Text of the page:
• "Find Me" from From the Plantation to the Penitentiary (2007)
    • "El 'Gran' Baile de la Reina" from All Rise (2002)

    CREDITS

    Writer and Producer: Alex Ariff; Senior Producer: Katie Simon; Host: Christian McBride; Project Manager: Suraya Mohamed; Executive Producers: Anya Grundmann and Gabrielle Armand; Senior Director of NPR Music: Lauren Onkey.

    Copyright 2020 WBGO and Jazz At Lincoln Center. To see more, visit WBGO and Jazz At Lincoln Center.

  • The Evolution Of Jon Batiste

    May 28, 2020. Posted by Alex Ariff.

    image
    (Image Credit: Becky Harlan/WBGO )

    Jon Batiste spent his 33rd birthday playing an intimate, private concert with his band in the round while Jazz Night in America captured the show. He kept it classy, donning a suede jacket and playing selections from his two latest Verve releases, Chronology of A Dream and Anatomy of Angels.

    You probably know Jon Batiste as bandleader and musical director on The Late Show with Stephen Colbert. But his credentials are deep as the roots of the Batiste family tree. He's the co-artistic director of the National Jazz Museum in Harlem, and has been a collaborator with everyone from pop singer Tori Kelly to the Jazz at Lincoln Center Orchestra. He's graduate of both the New Orleans Center of the Creative Arts and the Juilliard School, and an alumni of both Wynton Marsalis' and Roy Hargrove's bands.

    For the past decade, he's developed his version of "jazz 2.0," which includes what he calls "social music." Its lineage stems from Batiste's native New Orleans but also runs through his adopted hometown of New York City, thanks to elders like Lionel Hampton and Dr. Billy Taylor, who brought jazz from the concert halls to the streets. But Batiste is also a part of yet another lineage: jazz musicians in late-night television. On our radio show — with help from Batiste's Late Show predecessor Paul Shaffer, its current Executive Producer, Chris Licht, and NPR television critic Eric Deggans — we'll trace some of that history, learning how Jon Batiste developed his role.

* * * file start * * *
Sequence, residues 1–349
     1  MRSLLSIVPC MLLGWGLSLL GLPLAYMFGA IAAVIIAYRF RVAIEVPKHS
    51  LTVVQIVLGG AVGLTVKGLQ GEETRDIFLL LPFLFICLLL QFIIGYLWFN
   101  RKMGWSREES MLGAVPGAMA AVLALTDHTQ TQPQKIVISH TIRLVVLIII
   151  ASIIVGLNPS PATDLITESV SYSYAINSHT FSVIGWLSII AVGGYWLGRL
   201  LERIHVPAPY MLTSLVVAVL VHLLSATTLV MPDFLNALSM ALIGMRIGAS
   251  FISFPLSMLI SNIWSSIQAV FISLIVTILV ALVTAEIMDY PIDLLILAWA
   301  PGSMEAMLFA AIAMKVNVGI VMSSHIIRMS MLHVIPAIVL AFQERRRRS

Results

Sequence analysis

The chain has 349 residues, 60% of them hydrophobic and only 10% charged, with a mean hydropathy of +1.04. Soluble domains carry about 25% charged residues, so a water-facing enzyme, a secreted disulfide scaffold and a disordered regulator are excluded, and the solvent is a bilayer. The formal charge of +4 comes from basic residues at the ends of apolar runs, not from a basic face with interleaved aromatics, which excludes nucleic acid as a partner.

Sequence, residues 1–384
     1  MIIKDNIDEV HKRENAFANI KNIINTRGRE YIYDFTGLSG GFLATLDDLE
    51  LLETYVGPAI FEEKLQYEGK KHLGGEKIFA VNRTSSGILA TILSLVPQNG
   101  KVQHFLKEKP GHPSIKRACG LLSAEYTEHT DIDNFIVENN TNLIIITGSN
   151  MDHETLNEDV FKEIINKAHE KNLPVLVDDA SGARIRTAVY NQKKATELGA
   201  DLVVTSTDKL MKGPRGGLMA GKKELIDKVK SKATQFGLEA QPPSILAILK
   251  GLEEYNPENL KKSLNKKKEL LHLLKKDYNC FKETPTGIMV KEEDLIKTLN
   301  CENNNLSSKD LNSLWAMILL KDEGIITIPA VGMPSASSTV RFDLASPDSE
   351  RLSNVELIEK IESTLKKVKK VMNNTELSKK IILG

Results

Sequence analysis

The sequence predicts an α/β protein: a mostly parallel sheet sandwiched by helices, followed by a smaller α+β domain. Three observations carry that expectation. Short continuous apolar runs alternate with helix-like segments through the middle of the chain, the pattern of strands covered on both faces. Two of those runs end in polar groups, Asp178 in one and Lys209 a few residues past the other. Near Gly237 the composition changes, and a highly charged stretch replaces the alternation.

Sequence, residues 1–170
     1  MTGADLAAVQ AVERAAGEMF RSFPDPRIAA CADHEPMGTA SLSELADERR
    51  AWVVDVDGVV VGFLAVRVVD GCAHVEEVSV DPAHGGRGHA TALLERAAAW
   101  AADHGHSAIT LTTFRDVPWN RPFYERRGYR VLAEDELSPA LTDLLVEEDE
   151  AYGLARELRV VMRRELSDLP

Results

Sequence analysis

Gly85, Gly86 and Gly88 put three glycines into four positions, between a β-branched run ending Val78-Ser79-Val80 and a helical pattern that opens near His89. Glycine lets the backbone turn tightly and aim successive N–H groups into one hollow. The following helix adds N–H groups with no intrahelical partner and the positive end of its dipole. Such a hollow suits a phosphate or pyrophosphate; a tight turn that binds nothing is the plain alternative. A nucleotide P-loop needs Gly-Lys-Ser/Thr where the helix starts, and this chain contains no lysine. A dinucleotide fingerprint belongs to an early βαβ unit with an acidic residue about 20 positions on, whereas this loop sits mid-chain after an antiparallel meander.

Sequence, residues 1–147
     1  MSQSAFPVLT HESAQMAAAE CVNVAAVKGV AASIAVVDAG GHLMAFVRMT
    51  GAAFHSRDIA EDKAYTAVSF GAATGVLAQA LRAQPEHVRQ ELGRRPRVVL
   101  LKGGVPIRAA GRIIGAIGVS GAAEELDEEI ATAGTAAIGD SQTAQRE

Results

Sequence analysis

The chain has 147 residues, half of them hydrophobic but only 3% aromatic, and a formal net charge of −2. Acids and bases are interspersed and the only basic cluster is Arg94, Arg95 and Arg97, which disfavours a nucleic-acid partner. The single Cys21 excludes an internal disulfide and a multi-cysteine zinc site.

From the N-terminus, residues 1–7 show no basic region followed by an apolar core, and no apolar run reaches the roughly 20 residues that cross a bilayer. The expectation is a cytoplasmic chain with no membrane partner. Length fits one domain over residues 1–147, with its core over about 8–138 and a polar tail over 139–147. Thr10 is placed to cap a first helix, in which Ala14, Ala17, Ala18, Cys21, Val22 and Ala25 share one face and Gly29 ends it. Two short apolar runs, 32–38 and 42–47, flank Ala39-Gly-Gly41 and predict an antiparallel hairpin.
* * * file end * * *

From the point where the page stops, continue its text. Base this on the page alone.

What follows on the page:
Video Set List:

    • "If You're Happy And You Know It" (Joe Raposo, arr. Jon Batiste)
    • "PRINCE"
    • "HIGHER"
    • "Round Midnight" (Thelonious Monk, Bernard D. Hanighen, Charles Cootie Williams)
    • "PWWR"
    • "BLACCK"
    • "SOULFUL" (Roy Hargrove)
    • "ORDR"

    Musicians:

    Jonathan Batiste: piano, vocals, bandleader; Giveton Gelin: trumpet; Jon Lampley: trumpet, tuba; Eddie Barbash: alto saxophone; Tivon Pennicott: tenor saxophone; Endea Owens: bass; Joe Saylor: drums; Negah Santos: percussion.

    Credits:

    Producers: Alex Ariff, Colin Marshall, Katie Simon; Concert Recording Engineer: David Tallacksen; House Audio Engineers: Greg Hanson, Meghan England; Concert Video Director: Colin Marshall; Director of Photography: Nickolai Hammar; Videographers: Tsering Bista, Jack Corbett, Annabel Edwards, Nickolai Hammar, Niki Walker; Editor: Annabel Edwards; Lighting Designer: Igor Yachmenov; Lighting Board Operation: Zack Lobel; Lighting Deck Electrician: Tricia Swietek; Project Manager: Suraya Mohamed; Senior Producers: Colin Marshall, Katie Simon; Supervising Editor: Keith Jenkins; Executive Producers: Gabrielle Armand, Anya Grundman; Senior Director of NPR Music: Lauren Onkey.

    Copyright 2020 WBGO and Jazz At Lincoln Center. To see more, visit WBGO and Jazz At Lincoln Center.